Best efforts
  1. kriberg 01:00, Aug. 22, 2012
  2. kriberg 01:01, June 16, 2012
  3. kriberg 01:01, Oct. 4, 2012


GPX File


Trip Duration Avg HR Avg Speed Ascent Power Power (est) Avg power/kg VAM

Velocity Ascended, Metres per hour Vm/h usually referred to as VAM, coined by Dr Michele Ferrari is the speed of elevation gain per hour in Metre per hour. This is a term used in cycling to rate how fast an individual gains elevation while climbing an incline. Ferrari also stated that every one percent increase in average gradient increases VAM by 50. For example, a 1650 VAM on a climb of 8 percent average grade is a performance equivalent to a VAM of 1700 on 9 percent average grade. Ambient conditions (e.g. friction, air resistance) have less effect on steeper slopes (absorb less power) since speeds are lower than on gentler slopes
The acronym VAM is not truly expanded in English, where many think the V stands in some way for vertical, and the M represents meters, for instance "Vertical Ascent Meters/Hour." Ferrari says,
I called this parameter Average Ascent Speed (‘VAM’ in its Italian abbreviation from Velocità Ascensionale Media).
A direct translation of "velocità ascensionale media" is "mean (average) ascent velocity" leading to an expansion of the acronym in English as Velocity, Ascent, Mean.
VAM is calculated the following way: VAM = (metres ascended x 60) / Minutes it took to ascend
A standard unit term with the same meaning is Vm/h, vertical meters per hour; the two are used interchangeably.
The relationship between VAM and relative power output is expressed as follows: [3]
Relative power (Watts/kg) = VAM (meters/hour) / (Gradient factor x 100)
This gradient factor ranges between 2.6 for a gradient of 6% and 3.1 for a gradient of 11%
To work out the gradient factor take 2 + (% grade/10)

Examples:

1800+ Vm/h: Lance Armstrong - and Marco Pantani of olden days
1650-1800 Vm/h: Top 10 / Tour de France GC or mountain stage winner.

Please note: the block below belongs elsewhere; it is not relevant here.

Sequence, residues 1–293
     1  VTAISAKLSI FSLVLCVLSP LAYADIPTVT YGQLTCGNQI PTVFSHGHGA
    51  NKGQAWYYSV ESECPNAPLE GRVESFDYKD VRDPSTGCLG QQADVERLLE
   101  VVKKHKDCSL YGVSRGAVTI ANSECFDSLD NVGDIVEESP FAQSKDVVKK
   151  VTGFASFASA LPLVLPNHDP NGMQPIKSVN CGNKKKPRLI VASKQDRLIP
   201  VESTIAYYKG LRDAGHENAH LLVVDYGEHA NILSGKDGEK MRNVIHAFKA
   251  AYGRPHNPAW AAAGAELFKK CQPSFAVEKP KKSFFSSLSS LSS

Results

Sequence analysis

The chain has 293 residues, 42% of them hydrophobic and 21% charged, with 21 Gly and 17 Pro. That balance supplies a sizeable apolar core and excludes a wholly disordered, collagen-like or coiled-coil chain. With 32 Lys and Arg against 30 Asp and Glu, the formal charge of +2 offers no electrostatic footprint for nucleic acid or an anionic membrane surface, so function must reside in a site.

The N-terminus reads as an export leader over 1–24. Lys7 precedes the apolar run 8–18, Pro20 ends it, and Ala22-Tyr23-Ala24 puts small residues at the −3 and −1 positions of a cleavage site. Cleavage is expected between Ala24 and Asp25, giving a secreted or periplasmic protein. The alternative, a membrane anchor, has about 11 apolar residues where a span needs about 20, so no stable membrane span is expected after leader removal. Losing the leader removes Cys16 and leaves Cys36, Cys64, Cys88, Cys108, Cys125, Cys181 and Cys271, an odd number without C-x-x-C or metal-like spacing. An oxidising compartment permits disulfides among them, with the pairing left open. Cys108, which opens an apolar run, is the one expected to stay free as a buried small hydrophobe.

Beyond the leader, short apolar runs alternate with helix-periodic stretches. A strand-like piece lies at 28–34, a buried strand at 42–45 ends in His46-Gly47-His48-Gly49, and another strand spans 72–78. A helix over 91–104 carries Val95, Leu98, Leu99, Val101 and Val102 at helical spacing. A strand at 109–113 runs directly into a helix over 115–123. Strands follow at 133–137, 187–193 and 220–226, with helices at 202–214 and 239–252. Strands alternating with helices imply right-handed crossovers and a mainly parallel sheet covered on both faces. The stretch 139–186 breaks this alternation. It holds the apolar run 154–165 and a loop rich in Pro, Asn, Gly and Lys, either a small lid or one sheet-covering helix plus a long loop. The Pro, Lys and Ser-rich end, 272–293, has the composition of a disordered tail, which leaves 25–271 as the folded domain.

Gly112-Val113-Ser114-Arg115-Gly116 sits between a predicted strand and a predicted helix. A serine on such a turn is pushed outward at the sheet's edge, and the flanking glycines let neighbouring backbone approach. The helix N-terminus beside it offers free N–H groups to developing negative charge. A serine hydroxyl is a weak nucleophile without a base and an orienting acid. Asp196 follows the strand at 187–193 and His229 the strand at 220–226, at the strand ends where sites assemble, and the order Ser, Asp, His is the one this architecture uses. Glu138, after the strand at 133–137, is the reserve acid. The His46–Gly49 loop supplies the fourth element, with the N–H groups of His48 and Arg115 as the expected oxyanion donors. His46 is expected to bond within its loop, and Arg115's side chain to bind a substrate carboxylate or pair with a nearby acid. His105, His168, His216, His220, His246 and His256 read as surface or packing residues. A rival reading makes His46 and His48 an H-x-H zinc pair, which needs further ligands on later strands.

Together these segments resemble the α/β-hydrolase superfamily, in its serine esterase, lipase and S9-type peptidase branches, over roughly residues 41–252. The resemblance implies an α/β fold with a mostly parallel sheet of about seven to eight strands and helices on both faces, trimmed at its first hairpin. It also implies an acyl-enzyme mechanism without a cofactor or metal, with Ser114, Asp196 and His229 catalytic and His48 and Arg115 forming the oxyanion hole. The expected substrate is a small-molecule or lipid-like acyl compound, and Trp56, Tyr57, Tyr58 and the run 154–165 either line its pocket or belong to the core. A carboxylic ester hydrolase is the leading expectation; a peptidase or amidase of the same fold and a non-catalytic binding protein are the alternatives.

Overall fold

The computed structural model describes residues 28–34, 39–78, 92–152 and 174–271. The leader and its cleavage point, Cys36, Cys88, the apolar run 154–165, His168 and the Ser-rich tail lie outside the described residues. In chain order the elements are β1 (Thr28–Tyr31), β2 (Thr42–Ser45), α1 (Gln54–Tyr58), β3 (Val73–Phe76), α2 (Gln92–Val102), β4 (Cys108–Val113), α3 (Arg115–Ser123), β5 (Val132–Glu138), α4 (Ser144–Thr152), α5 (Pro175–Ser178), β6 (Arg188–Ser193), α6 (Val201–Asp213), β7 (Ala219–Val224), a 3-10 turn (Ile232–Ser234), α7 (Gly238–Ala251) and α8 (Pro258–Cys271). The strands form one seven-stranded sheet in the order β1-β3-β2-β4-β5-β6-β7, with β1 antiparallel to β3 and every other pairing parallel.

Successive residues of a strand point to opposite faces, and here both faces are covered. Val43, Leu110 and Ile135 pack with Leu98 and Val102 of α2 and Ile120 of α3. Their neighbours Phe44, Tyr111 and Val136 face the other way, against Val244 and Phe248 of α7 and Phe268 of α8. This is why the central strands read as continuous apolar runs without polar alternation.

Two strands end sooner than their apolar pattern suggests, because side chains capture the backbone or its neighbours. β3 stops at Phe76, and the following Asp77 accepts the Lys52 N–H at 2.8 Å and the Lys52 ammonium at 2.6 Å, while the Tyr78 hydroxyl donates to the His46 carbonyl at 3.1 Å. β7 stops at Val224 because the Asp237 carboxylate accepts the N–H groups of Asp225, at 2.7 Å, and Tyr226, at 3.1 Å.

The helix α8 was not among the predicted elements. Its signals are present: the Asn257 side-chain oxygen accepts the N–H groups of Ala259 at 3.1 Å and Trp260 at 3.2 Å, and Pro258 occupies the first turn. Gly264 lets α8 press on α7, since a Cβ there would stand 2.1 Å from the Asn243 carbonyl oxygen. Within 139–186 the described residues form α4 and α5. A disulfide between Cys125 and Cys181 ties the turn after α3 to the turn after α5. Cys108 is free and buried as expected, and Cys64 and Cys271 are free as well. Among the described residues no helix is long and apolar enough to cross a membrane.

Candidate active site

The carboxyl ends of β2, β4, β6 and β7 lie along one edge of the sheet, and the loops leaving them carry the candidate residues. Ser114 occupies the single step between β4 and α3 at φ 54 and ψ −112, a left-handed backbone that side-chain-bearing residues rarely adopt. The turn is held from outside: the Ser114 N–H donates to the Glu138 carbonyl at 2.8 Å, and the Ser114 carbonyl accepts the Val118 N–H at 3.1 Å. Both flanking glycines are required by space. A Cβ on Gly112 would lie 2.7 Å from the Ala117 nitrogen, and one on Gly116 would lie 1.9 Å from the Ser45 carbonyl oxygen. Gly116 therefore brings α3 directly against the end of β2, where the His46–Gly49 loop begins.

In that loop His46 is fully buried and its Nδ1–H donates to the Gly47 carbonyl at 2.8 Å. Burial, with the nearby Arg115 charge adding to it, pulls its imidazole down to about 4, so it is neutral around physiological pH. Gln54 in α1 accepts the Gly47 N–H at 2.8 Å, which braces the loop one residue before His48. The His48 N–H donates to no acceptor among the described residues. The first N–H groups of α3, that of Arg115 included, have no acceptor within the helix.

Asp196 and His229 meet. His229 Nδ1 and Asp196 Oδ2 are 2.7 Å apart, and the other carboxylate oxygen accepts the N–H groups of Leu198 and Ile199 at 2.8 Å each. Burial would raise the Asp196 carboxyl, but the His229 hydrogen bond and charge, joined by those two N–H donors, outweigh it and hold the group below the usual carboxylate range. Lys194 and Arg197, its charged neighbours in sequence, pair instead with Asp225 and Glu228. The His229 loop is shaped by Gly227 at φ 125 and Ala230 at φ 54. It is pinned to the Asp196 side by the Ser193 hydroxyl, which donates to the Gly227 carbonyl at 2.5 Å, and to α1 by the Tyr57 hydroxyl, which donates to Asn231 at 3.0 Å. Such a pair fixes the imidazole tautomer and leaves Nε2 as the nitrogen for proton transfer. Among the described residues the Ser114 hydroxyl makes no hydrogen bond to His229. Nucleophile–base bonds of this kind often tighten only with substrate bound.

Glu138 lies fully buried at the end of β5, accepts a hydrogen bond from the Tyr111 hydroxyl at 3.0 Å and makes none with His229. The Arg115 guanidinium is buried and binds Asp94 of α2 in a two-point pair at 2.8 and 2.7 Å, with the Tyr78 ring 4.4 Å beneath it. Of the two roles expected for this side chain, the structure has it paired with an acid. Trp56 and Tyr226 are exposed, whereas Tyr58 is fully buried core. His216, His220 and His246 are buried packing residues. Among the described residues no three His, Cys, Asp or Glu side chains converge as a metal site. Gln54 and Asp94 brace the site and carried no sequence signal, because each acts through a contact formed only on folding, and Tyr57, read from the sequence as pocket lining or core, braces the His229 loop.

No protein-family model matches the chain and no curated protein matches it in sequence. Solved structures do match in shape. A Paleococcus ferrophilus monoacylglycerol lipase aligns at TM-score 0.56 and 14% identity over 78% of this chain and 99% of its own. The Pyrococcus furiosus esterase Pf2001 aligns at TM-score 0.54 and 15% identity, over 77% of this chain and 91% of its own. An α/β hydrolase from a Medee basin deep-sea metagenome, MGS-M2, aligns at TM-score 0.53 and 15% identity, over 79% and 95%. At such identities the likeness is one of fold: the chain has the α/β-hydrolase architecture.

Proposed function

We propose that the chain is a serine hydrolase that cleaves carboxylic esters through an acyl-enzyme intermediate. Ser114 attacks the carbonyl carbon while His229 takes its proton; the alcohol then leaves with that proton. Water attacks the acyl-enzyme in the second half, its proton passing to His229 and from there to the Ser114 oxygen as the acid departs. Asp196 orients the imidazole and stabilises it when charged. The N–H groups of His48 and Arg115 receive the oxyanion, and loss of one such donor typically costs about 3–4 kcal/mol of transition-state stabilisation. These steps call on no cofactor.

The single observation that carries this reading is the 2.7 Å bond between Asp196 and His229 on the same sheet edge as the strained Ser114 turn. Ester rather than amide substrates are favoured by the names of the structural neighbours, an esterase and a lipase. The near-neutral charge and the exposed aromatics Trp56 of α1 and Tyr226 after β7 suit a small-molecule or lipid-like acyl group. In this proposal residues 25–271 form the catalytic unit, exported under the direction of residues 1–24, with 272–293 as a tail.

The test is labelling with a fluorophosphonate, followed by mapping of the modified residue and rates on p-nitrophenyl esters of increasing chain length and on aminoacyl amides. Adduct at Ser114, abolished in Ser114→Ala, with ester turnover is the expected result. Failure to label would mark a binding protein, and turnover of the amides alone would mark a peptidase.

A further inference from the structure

1450-1650 Vm/h: Top 20 / Tour de France GC; top 20 on tough mountain stage.
1300-1450 Vm/h: Finishing Tour de France mountain stages in peloton
1100-1300 Vm/h: The Autobus Crew

Comment
kriberg Aug. 22, 2012 01:00 90% 41.9 km/h 1 m 430.2 W 4.3 60
kriberg June 16, 2012 01:01 85.5% 40.9 km/h 0 m 386.0 W 3.9
kriberg Oct. 4, 2012 01:01 92% 41.1 km/h 1 m 409.7 W 4.1 59
kriberg May 28, 2013 01:04 90% 39.3 km/h 0 m 347.3 W 3.5
kentrune July 13, 2013 01:04 91.5% 39.0 km/h 4 m 402.5 W 4.3 225
andreas Oct. 4, 2012 01:05 39.6 km/h 5 m 421.4 W 4.7 277
kentrune Oct. 3, 2012 01:06 85% 38.2 km/h 3 m 367.8 W 3.9 164
kriberg July 2, 2012 01:07 87.5% 37.6 km/h 0 m 310.1 W 3.1
kriberg April 16, 2013 01:07 86.5% 37.4 km/h 0 m 306.8 W 3.1
kriberg April 29, 2012 01:08 89% 37.2 km/h 1 m 316.9 W 3.2 53
kentrune Oct. 2, 2011 01:09 87.5% 36.2 km/h 4 m 342.4 W 3.5 209
kriberg July 19, 2012 01:09 83.5% 36.6 km/h 0 m 290.6 W 2.9
kriberg Oct. 14, 2011 01:11 95.5% 35.4 km/h 0 m 265.4 W 2.7
kriberg March 30, 2013 01:11 89% 35.6 km/h 3 m 315.5 W 3.2 152
kriberg Oct. 25, 2011 01:12 94% 35.1 km/h 0 m 259.8 W 2.7
kriberg July 24, 2012 01:12 87.5% 35.2 km/h 2 m 292.1 W 2.9 100
kriberg June 28, 2012 01:13 87.5% 34.4 km/h 0 m 247.4 W 2.5
kriberg Sept. 27, 2011 01:14 90.5% 34.0 km/h 0 m 239.4 W 2.5
kriberg March 15, 2012 01:14 89.5% 34.1 km/h 0 m 241.7 W 2.4
nlight Oct. 3, 2012 01:14 90.7% 34.8 km/h 4 m 303.3 W 3.4 195
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